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Bringing an Attic Space to Life

By: Corinna Underwood - Updated: 21 Sep 2012 | comments*Discuss
 
Bringing An Attic Space To Life

One way to make the most of your home's space is through effective use of the attic. An unused, dusty old attic can be transformed from wasted space into a spacious loft, or an additional upstairs bedroom. Here are some tips to help you turn your attic into a living space.

Identifying Your Roofing System

The first question you need to answer is whether the roof is made in a conventional rafter system or a trussed system. A trussed system is just what it sounds like: it's a web of boards forming triangles between the roof and floor. All these boards depend on one another, and so cannot be moved to make way for an attic room.

If you see that you have a trussed system, it is unlikely that you will be able to turn your attic into a room. If you have a conventional system, you'll see lots of space in the attic, with the only boards in the way running from one roof pitch to another, a few feet below the peak.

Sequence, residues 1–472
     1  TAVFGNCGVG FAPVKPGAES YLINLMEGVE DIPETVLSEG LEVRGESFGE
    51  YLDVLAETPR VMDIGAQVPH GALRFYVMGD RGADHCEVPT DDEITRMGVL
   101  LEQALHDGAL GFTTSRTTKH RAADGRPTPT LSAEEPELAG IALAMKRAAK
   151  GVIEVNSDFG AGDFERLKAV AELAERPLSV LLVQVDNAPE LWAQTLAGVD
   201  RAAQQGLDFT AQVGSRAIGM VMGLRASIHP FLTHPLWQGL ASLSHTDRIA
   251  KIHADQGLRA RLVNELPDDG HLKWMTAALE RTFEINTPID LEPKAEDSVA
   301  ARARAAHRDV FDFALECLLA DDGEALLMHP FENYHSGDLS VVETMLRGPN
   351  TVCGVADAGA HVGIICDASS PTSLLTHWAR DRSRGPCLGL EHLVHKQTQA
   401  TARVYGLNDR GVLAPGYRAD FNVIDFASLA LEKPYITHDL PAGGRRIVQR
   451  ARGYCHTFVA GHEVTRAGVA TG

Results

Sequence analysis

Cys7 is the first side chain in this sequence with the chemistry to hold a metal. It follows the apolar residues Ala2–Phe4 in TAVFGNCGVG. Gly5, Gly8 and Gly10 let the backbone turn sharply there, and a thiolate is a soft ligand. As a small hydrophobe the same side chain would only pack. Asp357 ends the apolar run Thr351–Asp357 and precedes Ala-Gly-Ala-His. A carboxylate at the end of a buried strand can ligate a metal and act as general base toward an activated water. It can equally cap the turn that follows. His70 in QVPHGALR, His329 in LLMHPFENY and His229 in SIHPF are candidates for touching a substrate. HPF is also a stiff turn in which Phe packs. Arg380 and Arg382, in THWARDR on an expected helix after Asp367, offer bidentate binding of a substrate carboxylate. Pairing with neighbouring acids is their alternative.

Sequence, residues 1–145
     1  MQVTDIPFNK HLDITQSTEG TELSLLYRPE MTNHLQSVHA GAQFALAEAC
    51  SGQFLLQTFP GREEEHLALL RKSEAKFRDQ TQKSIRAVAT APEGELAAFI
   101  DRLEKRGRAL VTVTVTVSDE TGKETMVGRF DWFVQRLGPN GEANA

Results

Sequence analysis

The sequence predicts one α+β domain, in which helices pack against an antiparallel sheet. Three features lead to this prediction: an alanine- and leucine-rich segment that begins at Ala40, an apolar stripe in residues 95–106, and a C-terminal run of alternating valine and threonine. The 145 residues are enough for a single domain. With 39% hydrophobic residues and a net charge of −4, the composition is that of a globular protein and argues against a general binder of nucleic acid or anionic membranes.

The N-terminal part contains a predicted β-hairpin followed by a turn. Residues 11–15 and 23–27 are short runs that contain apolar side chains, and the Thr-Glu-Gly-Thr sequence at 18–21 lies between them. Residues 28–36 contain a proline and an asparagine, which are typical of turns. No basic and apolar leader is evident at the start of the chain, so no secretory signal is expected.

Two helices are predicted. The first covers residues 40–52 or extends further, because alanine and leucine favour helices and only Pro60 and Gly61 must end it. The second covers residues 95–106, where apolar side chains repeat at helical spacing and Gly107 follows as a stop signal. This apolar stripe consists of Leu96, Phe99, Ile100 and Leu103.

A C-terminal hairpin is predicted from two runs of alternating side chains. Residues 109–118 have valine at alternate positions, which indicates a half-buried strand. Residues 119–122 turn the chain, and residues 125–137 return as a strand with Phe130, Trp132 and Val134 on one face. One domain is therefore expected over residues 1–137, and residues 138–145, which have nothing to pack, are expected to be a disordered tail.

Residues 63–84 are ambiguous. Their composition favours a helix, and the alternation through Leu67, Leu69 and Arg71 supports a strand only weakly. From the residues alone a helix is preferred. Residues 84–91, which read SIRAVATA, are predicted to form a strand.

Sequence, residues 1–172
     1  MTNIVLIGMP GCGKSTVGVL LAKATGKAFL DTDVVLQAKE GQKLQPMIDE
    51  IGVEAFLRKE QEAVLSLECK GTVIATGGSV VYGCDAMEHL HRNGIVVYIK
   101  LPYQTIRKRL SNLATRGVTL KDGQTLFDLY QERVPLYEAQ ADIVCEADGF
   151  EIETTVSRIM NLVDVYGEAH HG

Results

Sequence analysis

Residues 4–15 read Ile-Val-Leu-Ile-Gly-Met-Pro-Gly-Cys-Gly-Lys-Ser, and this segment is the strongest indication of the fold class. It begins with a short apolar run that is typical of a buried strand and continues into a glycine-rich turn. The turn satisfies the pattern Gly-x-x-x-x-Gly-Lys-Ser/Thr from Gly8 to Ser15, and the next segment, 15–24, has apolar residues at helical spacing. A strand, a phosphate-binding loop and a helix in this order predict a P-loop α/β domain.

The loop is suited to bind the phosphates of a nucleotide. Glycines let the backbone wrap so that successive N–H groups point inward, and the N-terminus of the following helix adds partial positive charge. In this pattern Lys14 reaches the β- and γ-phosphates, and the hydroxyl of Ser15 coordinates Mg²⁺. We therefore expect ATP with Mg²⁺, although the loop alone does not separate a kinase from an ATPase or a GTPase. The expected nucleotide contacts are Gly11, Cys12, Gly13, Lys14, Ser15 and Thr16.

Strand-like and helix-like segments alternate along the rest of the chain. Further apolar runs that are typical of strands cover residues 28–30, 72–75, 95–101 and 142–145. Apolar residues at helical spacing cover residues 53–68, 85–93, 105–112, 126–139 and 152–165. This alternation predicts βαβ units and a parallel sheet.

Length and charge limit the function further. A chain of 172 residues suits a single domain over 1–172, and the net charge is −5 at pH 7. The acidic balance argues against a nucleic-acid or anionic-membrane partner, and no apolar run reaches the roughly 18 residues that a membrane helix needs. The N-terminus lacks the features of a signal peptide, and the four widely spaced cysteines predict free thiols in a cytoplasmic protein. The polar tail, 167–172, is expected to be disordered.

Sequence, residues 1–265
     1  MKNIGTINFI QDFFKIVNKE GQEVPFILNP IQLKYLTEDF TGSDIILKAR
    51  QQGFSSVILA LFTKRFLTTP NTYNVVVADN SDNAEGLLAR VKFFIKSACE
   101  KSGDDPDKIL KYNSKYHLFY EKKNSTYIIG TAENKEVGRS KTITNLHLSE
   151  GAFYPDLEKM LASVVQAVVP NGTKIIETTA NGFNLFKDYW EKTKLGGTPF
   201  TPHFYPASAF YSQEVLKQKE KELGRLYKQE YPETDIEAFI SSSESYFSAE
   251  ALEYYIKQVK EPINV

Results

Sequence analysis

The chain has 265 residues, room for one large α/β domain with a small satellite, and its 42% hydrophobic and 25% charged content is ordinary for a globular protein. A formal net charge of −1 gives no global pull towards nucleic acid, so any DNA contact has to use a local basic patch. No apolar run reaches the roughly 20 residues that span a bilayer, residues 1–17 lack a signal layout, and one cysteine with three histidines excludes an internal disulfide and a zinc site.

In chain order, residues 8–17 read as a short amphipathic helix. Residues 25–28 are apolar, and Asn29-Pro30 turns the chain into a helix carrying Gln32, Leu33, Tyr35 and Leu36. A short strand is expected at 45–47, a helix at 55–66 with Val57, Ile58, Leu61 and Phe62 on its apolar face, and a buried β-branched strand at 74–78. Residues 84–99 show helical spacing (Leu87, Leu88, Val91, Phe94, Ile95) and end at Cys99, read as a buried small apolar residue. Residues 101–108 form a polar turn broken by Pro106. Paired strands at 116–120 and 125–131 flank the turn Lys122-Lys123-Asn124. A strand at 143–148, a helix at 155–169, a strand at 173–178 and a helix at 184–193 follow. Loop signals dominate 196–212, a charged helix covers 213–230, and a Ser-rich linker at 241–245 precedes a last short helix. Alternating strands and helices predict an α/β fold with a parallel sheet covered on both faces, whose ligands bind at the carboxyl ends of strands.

Insulation of the Attic

Insulation is vital for making your attic room into a comfortable space. It will also save you a lot of money in heating or air conditioning bills. Your first step is to check your existing insulation for gaps. Then you can cover the areas not already insulated. Fibre glass is one of the most widely used insulation materials for attics and easy to install if you're doing a DIY makeover.

If you're insulating around a heat source, make sure you use unfaced fibreglass, as the paper facing on most fibreglass is flammable. Otherwise, use paper-faced fibreglass, because it's a good vapour barrier. If you're laying the insulation yourself, you should cover your body as completely as possible. That means long sleeves, long trousers and a hood or hat. Fibreglass is an irritant, so don't let it make contact with your skin. You should also wear a dust mask, goggles and gloves.

When you've laid your insulation on the floor, you should also install it in the walls and ceiling of the attic room, if possible. Then you're ready to install the drywall, which is a board that will make the interior walls of the attic. The drywall (also known as wallboard and sheetrock) can be made from plywood or gypsum.

Considering Lighting

Because of the location of your attic, no matter what you do; lighting will never be as good as it is in the rest of the house. You may well want to consider a skylight, or even two. Before you position them, make sure that you note the path of the sun during the course of the day. You will want to make the most of the light path, particularly in the earlier months of the year. You may also want to consider the feasibility of installing a regular side window, though you may need to be creative here, and use an oddly-shaped or off-sized window in order to fit.

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